Adam Li

About Me

Research Work

For a list of my publications, see my Google Scholar. If there are any publications not publicly accessible, please shoot me a message and I'm happy to share with you.

I am a sixth year PhD student in biomedical engineering, specializing in computational neuroscience and machine learning at Johns Hopkins University. I work with Dr. Sridevi V. Sarma in the Neuromedical Control Systems group. I am also jointly pursuing a MS in Applied Mathematics and Statistics with a focus in statistical learning theory, optimization and matrix analysis. My thesis work focuses on developing algorithms in the context of seizure localization in drug-resistant epilepsy patients. Specifically, I analyze multivariate time-series intracranial EEG data using dynamical systems, control theory, machine learning and statistics. I combine biological understanding of the brain with mathematical models of dynamical systems. I also utilize machine learning and statistical models to answer relevant hypothesis-driven questions. I combine these approaches with neuroimaging data analyses of T1 MRI and CT data to analyze the anatomical spatiotemporal dynamics present in epileptic neuronal networks. My research interests are broadly in the intersection areas of neuroscience, machine learning and statistics, control theory and dynamical systems. I am also extremely passionate about open-source everything.

My interest in engineering and medicine started at UCSD, where I graduated in 2015 with a double major in Bioengineering and Mathematics. It was there under the guidance of many great faculty, such as Dr. Todd Coleman, that I became interested in applied mathematics, data analytics and machine learning in healthcare. It led me to pursue a PhD, with the ultimate goal of bringing together technology expertise with biomedical domain knowledge to solve challenging medical problems. I am an NSF-GRFP fellow, Whitaker International Fellow , Chateaubriand Fellow and ARCS Chapter Scholar .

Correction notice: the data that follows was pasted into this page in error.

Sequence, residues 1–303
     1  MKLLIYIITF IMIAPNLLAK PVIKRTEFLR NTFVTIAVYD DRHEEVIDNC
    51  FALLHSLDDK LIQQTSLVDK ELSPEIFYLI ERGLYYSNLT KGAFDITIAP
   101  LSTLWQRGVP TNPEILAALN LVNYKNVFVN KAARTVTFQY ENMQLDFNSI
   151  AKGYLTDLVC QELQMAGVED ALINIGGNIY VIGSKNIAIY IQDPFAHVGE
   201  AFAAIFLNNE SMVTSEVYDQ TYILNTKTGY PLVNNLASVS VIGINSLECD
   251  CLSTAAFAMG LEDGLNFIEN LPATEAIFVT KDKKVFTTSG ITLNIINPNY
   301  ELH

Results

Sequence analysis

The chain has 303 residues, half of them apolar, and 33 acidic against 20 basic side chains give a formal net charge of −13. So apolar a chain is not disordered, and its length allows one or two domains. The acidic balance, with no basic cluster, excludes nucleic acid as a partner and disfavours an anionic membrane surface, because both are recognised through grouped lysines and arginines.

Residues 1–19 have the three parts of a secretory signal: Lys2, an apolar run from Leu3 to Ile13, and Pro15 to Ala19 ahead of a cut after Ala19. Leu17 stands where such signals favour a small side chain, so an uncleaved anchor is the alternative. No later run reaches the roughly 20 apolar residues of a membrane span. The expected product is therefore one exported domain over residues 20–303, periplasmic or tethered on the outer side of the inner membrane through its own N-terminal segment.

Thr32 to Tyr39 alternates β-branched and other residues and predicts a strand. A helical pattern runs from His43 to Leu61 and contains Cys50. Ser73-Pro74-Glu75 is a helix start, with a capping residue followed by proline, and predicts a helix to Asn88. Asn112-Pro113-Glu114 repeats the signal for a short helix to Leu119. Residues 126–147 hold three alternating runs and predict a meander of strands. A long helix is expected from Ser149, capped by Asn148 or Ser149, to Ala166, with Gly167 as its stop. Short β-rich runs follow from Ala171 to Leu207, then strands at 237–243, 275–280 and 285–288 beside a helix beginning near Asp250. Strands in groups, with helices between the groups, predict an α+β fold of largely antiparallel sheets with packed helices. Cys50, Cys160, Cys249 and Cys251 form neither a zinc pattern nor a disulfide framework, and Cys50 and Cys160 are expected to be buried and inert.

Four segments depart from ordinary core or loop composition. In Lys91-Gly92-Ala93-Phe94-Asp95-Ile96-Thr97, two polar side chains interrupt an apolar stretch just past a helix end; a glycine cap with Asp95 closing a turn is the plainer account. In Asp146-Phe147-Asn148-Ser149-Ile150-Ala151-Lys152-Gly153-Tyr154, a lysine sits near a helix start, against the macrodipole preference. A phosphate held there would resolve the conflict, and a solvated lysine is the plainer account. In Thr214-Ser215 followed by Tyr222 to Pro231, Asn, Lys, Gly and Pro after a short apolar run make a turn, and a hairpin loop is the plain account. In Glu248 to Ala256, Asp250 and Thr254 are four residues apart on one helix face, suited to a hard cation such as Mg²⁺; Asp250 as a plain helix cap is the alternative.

Non-Research Work

Outside of my research work, I'm grateful to be involved with a non-profit called AAMPLIFY, which is an education and charitable non-profit that empowers underserved Asian Pacific American youth to become social justice leaders. Every year, we host a Social Justice Leadership Program for low-income high school students that aim to pursue careers in law, government, non-profit or social enterprise. Our program includes an intensive summer training and ongoing development with rotations in leadership, social justice and college/career planning. By helping these students recognize their leadership potential and ability to change the world, we give a voice to the needs of our community. I'm happy to be involved in developing the leadership curriculum even though I'm so far away. I'm hoping that giving time and effort can translate to reaching this mission in some way in the not-so-far future.

In addition, I'm involved in a Whitaker International Program Conclusion Grant. A few Whitaker alumni and I won a Whitaker concluding grant of $100k to build a digital ever-lasting storyboard of biomedical engineering lives. This will be centered around Whitaker scholar and fellow experiences throughout the years of the grant. This will involve creating a Instagram, Twitter, Facebook and website that tells stories of the impact of the Whitaker grant, and how biomedical engineers are all over the world changing lives. For more information, see our group, called EverydayBME.

Personal Background

I'm originally from Los Angeles, CA and consider myself a true CA native even though I wasn't born there. I have a range of hobbies, including, but not limited to: running, gymming (weight lifting), reading, hacking, traveling and photography.

Technical/Soft Skills

As an engineer, I consider myself an expert in Matlab and Python, being able to work with Numpy, Pandas, Scipy, Keras/Tensorflow, Pytorch and more. I am familiar with Bash, Javascript, HTML, CSS, C/C++, MongoDB and SQL. I have experience with Django, Pelican web frameworks. I like building stuff with Arduino, and Raspberry Pi; I've made a self-driving toy car using an ultrasound sensor and setup a hacked-version of Alexa using Raspberry Pi. As a data analyst, I have experience with PBS/SLURM scheduling systems and GNU parallel.

My domain experience includes neuroscience, linear systems, data wrangling, machine learning and algorithm development.

Everything on this site reflects my personal views only. It'll generally range from research/science thoughts, to photo blogs (in progress in the backend), to travel blogs (for my own benefit of keeping track of where I went :p).


Read my blog.

Here's a timeline, or tags of my blog posts.



  • ali39 at jhu dot edu


Check my social media links to get in touch!